Studying the Wall Surface

Studying the Wall Surface
Studying the Wall Surface

(1)Traces of the eroded kheker frieze on the Thutmoside decorative layer. The lack of later paint on the surface is due to its being entirely plastered over and redecorated on the plaster surface in the early Ptolemaic period.

Studying the Wall Surface
Studying the Wall Surface

(2)Early Ptolemaic repair on the king’s body that was carved in plaster and painted afterwards. Most of the plaster didn’t stick on the surface for long and now appears disconnected from the rest of the scene.

Studying the Wall Surface
Studying the Wall Surface

(3)Early Ptolemaic replacement block intended to fix a badly damaged scene showing some paint traces of Amun-Ra’s flail and border elements. Surface scars indicate the relief that’s long gone and was once carved in plaster.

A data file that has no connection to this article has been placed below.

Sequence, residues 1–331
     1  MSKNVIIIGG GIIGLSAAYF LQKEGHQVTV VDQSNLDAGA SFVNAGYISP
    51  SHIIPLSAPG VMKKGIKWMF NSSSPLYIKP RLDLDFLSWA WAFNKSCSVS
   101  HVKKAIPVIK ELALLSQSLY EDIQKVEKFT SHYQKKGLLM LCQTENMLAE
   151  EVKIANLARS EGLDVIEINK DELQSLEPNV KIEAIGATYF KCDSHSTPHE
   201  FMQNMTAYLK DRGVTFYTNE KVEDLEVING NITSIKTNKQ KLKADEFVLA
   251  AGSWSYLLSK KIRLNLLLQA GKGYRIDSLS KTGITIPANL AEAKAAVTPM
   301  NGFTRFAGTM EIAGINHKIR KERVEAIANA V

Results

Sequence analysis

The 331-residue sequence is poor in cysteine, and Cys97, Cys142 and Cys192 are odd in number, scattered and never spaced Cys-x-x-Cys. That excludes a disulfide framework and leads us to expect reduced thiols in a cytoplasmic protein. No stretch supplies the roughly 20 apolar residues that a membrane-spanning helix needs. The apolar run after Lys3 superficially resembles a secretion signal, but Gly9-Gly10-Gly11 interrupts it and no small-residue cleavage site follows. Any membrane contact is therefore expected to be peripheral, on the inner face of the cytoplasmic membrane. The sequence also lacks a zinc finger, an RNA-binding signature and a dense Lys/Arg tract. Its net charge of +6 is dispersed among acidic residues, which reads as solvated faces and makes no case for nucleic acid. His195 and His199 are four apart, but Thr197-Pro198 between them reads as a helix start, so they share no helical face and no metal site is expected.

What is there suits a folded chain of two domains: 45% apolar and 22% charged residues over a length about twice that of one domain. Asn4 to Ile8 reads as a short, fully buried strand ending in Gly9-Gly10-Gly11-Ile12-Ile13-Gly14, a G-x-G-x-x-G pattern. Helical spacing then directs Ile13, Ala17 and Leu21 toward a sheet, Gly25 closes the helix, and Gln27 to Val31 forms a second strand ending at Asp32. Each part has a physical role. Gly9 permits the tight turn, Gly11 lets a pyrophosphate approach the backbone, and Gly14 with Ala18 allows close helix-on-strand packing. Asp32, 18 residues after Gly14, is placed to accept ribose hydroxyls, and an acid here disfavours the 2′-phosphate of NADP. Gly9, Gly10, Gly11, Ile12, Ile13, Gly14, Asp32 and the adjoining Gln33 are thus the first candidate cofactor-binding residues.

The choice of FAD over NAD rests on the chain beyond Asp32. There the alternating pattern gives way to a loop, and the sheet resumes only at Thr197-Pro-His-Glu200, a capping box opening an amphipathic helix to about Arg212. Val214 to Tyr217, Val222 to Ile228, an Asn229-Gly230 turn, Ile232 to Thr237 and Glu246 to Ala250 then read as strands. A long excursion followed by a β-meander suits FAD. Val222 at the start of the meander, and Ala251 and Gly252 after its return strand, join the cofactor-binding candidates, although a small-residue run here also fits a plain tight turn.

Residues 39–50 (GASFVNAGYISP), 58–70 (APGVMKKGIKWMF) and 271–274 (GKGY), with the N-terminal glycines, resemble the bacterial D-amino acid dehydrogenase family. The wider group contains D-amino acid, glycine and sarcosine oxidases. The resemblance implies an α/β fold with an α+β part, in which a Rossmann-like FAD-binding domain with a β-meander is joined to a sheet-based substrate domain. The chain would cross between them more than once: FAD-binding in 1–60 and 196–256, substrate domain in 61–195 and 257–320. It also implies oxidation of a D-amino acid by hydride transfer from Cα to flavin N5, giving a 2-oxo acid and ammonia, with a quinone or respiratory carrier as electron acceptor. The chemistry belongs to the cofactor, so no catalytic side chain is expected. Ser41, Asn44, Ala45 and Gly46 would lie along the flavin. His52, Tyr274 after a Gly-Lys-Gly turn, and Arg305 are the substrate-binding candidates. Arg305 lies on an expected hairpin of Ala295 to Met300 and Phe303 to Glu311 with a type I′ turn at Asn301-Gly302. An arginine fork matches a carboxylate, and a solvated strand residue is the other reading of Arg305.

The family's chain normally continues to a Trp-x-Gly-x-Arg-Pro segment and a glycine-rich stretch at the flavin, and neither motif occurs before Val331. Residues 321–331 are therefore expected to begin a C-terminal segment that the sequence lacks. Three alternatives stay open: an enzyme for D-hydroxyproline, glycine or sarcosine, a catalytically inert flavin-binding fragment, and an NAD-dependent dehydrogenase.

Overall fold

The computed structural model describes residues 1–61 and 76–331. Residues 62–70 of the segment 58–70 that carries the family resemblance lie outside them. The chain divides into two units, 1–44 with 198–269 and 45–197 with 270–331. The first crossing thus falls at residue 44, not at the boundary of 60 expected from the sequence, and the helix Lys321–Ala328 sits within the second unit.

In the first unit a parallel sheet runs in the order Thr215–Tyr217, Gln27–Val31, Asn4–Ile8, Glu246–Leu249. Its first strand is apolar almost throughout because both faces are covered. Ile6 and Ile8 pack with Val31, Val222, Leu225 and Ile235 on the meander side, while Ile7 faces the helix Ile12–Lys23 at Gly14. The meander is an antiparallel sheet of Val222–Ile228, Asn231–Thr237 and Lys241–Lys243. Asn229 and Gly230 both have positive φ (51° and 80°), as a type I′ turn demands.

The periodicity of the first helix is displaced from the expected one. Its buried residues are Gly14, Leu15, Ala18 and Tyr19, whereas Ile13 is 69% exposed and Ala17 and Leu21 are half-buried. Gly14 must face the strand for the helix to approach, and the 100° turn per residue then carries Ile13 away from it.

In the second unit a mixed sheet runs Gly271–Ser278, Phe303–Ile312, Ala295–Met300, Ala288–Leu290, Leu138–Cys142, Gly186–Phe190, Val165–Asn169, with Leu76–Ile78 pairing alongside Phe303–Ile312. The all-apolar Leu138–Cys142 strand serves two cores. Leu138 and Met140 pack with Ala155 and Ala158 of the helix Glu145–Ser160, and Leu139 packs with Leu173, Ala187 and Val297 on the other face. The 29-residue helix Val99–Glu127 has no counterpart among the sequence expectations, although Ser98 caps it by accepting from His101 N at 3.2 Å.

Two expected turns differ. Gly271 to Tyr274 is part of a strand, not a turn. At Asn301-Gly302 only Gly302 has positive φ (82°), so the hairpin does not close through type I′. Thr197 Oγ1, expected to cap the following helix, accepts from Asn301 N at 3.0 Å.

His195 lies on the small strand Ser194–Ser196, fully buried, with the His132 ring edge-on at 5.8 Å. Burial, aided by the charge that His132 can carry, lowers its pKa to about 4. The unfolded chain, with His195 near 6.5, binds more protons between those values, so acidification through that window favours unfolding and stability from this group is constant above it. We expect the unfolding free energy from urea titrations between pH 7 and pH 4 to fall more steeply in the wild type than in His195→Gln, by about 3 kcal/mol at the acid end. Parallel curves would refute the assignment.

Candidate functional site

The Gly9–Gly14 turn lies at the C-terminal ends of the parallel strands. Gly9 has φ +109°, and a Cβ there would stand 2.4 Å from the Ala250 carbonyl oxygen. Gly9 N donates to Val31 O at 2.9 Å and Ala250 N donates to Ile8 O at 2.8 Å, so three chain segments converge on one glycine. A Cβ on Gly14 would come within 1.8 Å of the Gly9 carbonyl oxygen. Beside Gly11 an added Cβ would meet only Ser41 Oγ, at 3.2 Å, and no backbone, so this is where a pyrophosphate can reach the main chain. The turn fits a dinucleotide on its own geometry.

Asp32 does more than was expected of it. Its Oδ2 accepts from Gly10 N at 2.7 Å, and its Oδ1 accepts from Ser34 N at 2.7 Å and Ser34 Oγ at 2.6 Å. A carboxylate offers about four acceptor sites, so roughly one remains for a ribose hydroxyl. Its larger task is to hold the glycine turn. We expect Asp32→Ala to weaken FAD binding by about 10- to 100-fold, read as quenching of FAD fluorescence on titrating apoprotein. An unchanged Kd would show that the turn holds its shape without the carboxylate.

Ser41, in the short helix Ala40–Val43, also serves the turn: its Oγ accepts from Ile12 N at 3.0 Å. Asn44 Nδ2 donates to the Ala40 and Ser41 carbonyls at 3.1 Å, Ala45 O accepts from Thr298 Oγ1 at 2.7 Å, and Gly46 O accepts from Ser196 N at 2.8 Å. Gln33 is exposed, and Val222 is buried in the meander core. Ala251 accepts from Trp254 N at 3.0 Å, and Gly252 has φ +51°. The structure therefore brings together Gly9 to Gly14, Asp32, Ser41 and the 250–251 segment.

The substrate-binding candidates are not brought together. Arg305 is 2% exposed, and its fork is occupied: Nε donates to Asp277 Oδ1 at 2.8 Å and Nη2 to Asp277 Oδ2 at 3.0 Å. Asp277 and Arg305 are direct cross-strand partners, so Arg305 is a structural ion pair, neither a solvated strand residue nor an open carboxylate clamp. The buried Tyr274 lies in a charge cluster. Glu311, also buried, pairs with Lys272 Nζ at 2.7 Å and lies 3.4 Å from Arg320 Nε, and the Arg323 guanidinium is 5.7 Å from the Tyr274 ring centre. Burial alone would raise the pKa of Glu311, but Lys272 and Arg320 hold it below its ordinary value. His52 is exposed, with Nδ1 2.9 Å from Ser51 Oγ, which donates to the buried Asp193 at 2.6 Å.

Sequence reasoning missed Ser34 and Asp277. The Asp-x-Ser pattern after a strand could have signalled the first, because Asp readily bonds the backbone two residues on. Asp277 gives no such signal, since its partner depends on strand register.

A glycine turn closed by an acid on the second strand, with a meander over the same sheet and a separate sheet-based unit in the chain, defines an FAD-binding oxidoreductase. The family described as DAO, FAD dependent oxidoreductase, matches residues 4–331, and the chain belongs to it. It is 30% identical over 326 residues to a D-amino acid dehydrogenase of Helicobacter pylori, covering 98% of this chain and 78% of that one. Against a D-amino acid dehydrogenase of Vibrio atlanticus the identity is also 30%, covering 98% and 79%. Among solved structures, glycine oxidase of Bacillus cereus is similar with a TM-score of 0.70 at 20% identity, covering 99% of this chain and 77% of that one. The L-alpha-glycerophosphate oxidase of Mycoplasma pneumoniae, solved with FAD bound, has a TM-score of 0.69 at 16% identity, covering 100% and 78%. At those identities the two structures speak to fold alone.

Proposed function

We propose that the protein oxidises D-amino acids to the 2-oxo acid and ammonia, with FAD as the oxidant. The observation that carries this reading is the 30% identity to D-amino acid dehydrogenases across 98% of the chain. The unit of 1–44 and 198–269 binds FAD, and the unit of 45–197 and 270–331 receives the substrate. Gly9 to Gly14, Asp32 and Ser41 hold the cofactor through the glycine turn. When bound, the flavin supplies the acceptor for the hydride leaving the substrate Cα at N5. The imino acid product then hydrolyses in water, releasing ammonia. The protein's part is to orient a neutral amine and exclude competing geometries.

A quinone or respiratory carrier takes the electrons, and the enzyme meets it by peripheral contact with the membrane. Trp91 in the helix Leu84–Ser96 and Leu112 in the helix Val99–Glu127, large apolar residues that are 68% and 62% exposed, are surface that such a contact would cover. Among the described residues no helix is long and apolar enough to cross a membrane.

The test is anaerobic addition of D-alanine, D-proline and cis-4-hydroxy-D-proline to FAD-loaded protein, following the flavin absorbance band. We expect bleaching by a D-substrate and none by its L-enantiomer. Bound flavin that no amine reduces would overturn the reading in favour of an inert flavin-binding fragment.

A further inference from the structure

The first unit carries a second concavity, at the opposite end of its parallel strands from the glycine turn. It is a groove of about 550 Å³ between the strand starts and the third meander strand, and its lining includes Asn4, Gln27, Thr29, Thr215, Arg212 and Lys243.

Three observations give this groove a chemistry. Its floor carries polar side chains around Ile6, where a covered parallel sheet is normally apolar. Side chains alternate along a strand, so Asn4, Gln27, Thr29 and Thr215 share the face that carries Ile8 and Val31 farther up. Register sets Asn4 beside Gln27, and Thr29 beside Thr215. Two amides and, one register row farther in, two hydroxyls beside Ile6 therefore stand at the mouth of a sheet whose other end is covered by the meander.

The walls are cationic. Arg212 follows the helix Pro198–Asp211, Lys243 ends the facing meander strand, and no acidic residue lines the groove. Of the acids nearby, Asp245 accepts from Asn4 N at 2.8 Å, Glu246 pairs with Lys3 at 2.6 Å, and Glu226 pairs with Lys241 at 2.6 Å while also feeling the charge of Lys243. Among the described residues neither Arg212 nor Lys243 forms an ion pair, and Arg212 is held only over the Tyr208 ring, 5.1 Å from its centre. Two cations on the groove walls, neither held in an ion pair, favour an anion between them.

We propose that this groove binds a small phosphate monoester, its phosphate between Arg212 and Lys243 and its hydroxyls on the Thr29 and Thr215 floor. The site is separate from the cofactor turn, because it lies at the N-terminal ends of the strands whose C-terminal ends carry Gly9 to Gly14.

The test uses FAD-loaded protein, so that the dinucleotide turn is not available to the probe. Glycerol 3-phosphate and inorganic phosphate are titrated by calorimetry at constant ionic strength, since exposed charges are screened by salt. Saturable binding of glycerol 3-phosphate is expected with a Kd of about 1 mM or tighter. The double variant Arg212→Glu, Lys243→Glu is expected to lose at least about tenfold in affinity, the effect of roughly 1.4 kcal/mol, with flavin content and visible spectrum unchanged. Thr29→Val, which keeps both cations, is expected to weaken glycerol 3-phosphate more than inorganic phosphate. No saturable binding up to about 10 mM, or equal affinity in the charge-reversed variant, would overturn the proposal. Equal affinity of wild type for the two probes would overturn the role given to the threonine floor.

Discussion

Studying the Wall Surface
Studying the Wall Surface

(4)Traces of the two paint layers on one of the reused blocks from the original doorway. Early Ptolemaic red and dark blue paint indicates that the block was still in place at that time, therefore the original doorway was still in use.

Studying the Wall Surface
Studying the Wall Surface

(5)Complex architectural features at the upper right corner of the late Ptolemaic doorway. The original cavetto was hacked away, and gaps in between old and new elements were fixed with plaster.

Studying the Wall Surface
Studying the Wall Surface

(6)Two layers of paint indicating the perplexing early Ptolemaic repainting of the cavetto decoration at the top of the wall. The later paint scheme was largely similar to the original, but the stripes appeared slightly larger.

Studying the Wall Surface
Studying the Wall Surface

(7)The early Ptolemaic kheker frieze had a different appearance than the original, painted with broader brush strokes and more spacing applied in between the individual elements. Their paint scheme was slightly different as well.

Studying the Wall Surface
Studying the Wall Surface